These boats are predominantly used on the Colorado River in the Grand Canyon. Due to high flow and the minimal number of rocks, these large rafts are able to negotiate the rapids use a small outboard motor. These boats are typically over 30 feet long and can carry almost 20 people.

show 30+ ft motor raft
Motor Rafting the Colorado River


The original commercial rafting trips were on dories and motor rigs. While the huge motor rigs go for the biggest waves on the river. The dories are the darting sports cars slicing between river features that could easily flip them.

Dories historically were made of wood. Guides have to be ever vigilant since what would be a bump of a rock with a raft can cause serious damage to a dory. Some dories are now made with aluminum to be a little more durable but more difficult to repair.

Dories sit on top of the water rocking back-and-forth and side-to-side going down the river. Unlike ocean going dories, whitewater dories have rocker (rise in the bow and stern) to make turning the boats easier. They are the most exciting ride of the larger river crafts.

dory running brown muddy rapid on the Colorado River
Whitewater Dory


Inflatable Kayaks

Inflatable kayaks (aka: Duckies) are pretty much miniature rafts designed for one to two people using kayak paddles. Duckies are smaller and sit lower to the water giving a more exciting ride. The inflated tubes make them fairly stable but they still flip easily in larger hydraulics.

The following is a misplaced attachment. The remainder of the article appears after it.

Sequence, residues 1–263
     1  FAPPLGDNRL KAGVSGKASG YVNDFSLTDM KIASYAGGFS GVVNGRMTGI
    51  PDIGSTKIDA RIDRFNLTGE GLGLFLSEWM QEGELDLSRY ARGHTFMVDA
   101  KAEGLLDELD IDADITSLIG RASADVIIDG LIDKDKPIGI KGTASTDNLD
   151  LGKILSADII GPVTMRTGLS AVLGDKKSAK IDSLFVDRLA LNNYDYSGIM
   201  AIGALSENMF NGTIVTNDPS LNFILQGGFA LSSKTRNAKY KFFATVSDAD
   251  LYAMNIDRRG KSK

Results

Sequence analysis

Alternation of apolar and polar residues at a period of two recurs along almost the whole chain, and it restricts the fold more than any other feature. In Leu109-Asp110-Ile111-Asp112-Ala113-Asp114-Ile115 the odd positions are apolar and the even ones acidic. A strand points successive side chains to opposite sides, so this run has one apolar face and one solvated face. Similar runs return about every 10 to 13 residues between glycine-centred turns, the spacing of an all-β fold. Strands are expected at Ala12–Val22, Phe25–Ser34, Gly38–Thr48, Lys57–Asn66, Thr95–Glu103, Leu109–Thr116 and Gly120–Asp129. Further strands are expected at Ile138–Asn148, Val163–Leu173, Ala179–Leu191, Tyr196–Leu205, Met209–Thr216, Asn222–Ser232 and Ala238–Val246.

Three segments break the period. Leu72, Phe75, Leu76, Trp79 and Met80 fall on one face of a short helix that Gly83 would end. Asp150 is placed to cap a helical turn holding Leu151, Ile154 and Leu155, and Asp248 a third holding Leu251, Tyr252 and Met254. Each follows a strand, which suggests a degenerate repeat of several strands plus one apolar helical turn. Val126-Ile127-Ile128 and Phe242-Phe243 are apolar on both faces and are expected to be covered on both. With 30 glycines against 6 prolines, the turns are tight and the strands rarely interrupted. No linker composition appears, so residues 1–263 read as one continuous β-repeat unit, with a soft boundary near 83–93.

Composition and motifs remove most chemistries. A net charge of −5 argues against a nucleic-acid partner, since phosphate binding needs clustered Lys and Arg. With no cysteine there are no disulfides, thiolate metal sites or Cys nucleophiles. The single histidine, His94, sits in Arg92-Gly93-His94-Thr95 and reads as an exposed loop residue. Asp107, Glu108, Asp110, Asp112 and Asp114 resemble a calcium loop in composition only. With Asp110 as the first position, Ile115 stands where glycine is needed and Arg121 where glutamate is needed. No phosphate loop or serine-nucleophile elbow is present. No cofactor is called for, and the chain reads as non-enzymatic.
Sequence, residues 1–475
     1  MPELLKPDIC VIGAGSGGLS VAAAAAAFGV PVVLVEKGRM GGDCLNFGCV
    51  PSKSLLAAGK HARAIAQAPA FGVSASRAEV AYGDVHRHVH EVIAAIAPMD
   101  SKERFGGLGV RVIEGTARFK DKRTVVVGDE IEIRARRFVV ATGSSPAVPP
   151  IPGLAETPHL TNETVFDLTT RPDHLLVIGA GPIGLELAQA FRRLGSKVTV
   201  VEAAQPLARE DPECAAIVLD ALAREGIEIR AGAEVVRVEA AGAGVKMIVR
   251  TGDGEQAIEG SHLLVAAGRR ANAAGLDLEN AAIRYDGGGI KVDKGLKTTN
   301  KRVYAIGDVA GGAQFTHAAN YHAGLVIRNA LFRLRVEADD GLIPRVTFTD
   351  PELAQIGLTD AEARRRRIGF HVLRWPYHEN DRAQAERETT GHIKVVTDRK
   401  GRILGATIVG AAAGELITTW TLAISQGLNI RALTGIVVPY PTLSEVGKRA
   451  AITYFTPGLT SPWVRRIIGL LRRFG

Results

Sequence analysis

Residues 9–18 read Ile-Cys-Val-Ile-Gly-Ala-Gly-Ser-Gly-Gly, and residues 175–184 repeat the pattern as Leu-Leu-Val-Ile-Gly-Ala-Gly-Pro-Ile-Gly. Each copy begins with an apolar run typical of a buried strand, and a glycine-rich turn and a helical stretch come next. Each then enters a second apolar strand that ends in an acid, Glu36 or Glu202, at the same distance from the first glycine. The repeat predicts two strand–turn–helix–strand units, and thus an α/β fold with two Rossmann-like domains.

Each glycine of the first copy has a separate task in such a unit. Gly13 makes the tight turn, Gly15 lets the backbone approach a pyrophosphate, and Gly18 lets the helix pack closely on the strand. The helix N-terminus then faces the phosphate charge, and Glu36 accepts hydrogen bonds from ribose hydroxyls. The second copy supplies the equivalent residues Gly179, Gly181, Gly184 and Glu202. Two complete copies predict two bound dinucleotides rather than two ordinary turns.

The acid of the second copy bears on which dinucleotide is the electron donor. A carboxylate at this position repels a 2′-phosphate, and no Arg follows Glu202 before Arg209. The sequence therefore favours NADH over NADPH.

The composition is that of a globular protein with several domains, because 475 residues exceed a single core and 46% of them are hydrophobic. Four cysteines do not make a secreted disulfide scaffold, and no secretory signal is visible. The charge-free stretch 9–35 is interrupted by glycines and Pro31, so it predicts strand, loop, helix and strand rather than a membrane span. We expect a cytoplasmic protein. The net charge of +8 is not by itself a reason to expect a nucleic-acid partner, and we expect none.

Packrafts are basically inflatable kayaks designed to be extra light to be easy to carry into remote water ways. Like inflatable kayaks they can be fairly high performance.

Hardshell Kayaks

Generally referred to as kayaks. Hardshell kayaks are mainly made out of plastic and sometimes fiberglass. They are much more challenging to learn to use but they are also much more high performance much like the relationship between dories and rafts.

Whitewater kayaks typically have a skirt unlike inflatable kayaks so that they stay more maneuverable by not taking on water.

Concluding Thoughts

There are many crafts for running rivers. Gear boats, paddle boats, and oar/paddle combos are the main types of raft configurations. People have made all sorts of variations of them. On some rivers they run a gear boat with 4 paddlers, one in each corner of the raft. Other rivers will take a creek frame plus gear and two paddlers for a multi-day excursion. A good way to try out the different types of rafts is to take a guide school.